The first study to look at exercise alone in treating mild to moderate depression in adults aged 20 to 45 showed that depressive symptoms were reduced almost 50 percent in individuals who participated in 30-minute aerobic exercise sessions three to five times a week.
The results, published in the January issue of the American Journal of Preventive Medicine, are comparable to results from studies in which patients with mild to moderate depression were treated with antidepressants or cognitive therapy, said Dr. Madhukar Trivedi, professor of psychiatry and director of UT Southwestern's mood disorders research program.
"The effect you find using aerobic exercise alone in treating clinical depression is similar to what you find with antidepressant medications," said Dr. Trivedi, a study author and holder of the Lydia Bryant Test Professorship in Psychiatric Research. "The key is the intensity of the exercise and continuing it for 30 to 35 minutes per day. It's not for the faint of heart."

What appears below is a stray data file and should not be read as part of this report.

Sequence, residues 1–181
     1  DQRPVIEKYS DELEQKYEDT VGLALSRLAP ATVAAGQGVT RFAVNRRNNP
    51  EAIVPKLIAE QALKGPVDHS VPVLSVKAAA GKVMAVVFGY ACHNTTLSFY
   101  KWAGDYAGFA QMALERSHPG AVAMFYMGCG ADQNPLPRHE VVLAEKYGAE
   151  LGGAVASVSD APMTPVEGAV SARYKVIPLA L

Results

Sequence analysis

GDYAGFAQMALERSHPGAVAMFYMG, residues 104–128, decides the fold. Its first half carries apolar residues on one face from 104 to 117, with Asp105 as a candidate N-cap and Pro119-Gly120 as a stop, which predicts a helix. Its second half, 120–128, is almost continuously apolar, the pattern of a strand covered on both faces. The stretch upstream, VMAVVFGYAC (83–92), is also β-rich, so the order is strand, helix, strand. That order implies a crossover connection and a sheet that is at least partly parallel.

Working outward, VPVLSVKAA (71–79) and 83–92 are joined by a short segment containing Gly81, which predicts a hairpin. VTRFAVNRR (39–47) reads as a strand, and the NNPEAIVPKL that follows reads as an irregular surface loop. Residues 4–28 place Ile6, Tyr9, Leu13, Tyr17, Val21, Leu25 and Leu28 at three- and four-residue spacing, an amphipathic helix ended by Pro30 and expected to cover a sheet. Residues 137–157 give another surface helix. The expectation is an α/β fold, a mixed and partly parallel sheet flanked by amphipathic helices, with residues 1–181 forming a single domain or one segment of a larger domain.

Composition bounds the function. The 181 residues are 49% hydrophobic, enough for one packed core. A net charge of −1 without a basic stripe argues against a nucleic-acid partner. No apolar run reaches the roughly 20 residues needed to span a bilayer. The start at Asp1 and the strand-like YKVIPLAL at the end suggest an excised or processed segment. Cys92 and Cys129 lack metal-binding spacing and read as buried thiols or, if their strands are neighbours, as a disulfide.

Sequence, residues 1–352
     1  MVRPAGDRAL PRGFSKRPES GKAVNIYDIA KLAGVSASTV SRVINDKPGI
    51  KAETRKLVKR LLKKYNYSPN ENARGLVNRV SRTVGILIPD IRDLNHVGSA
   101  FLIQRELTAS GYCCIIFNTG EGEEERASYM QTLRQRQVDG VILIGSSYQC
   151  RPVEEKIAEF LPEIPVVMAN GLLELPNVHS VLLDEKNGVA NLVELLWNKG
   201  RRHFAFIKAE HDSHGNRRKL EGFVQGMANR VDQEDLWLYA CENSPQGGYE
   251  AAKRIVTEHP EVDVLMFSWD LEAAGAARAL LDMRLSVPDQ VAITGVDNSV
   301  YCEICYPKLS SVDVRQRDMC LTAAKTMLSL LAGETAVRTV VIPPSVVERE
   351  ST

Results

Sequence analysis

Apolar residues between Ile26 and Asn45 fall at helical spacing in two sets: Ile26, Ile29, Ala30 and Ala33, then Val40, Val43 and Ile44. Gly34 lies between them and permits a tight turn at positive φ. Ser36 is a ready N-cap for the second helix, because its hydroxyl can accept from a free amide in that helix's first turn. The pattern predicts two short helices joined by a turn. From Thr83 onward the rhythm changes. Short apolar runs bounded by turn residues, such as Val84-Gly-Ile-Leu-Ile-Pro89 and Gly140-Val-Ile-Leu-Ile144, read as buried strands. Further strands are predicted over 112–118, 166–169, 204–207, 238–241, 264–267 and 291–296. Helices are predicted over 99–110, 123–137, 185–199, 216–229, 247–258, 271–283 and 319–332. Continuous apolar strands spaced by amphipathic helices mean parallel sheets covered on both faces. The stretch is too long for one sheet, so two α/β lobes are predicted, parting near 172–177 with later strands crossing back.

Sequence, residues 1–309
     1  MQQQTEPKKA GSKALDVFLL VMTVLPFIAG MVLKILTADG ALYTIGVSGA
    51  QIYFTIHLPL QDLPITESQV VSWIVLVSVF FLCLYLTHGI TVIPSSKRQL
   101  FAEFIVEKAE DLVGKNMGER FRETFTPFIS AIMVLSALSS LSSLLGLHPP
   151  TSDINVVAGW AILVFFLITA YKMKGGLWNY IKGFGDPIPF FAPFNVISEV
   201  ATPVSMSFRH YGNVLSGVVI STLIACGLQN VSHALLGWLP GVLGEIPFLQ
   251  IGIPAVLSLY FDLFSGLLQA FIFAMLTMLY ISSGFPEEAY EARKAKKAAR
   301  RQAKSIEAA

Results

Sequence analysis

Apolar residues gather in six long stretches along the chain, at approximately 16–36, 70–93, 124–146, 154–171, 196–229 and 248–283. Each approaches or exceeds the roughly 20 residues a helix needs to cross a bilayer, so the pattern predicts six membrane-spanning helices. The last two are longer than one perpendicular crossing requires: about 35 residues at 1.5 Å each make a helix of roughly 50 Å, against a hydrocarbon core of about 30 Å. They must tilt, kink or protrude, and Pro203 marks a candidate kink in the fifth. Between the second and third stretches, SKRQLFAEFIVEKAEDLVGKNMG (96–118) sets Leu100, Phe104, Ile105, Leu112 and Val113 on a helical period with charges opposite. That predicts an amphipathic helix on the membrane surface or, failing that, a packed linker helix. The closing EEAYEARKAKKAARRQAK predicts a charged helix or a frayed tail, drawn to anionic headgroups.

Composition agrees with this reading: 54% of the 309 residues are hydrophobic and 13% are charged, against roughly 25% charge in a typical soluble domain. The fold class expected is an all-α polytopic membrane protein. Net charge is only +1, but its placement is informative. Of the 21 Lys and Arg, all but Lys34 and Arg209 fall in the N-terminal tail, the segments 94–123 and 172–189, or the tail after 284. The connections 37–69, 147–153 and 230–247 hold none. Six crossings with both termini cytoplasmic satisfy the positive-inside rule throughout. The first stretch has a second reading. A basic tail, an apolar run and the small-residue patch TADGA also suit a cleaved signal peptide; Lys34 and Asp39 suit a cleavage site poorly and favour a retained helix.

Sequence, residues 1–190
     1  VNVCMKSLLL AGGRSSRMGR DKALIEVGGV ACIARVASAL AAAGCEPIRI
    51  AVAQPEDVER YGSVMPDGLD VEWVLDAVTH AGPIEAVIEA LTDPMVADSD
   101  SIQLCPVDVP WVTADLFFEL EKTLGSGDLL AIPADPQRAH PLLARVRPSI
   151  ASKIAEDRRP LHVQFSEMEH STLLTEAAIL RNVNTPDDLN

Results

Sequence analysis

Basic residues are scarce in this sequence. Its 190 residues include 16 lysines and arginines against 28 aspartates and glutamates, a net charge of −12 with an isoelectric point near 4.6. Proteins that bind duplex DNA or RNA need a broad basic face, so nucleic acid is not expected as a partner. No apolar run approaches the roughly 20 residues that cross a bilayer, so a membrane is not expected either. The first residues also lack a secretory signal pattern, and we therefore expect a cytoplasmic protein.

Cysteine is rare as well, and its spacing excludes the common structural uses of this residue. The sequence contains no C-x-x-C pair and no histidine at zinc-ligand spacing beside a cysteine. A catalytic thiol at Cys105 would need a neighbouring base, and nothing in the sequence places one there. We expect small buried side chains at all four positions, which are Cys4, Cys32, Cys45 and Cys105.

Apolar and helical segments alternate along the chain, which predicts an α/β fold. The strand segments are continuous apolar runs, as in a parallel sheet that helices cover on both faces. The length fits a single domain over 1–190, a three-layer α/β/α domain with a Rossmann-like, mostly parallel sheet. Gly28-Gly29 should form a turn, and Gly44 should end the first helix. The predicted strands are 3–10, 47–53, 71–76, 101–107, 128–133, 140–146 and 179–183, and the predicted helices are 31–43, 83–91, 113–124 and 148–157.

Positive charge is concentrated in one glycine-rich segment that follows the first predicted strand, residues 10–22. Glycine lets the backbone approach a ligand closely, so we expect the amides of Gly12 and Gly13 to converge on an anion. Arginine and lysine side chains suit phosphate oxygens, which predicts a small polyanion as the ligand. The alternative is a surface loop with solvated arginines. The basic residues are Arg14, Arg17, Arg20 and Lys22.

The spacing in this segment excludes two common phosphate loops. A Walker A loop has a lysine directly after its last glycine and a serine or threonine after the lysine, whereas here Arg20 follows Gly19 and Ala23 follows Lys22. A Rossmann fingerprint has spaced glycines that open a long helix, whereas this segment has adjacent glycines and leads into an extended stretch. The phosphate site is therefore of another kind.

The study, conducted between July 1998 and October 2001, included 80 people randomly placed into five groups. Two groups participated in moderately intense aerobics consistent with public health recommendations; one of those groups exercised three days a week and the other five days. Another two groups participated in lower-intensity aerobics for three days and five days per week, and a fifth group did stretching flexibility exercises 15 to 20 minutes three days per week. Exercise programs included supervised instruction at the Cooper Institute in Dallas.
Individuals who participated in moderately intense aerobics, such as exercising on a treadmill or stationary bicycle whether it was for three or five days per week experienced a decline in depressive symp
Contact: Donna Steph Hansard
UT Southwestern Medical Center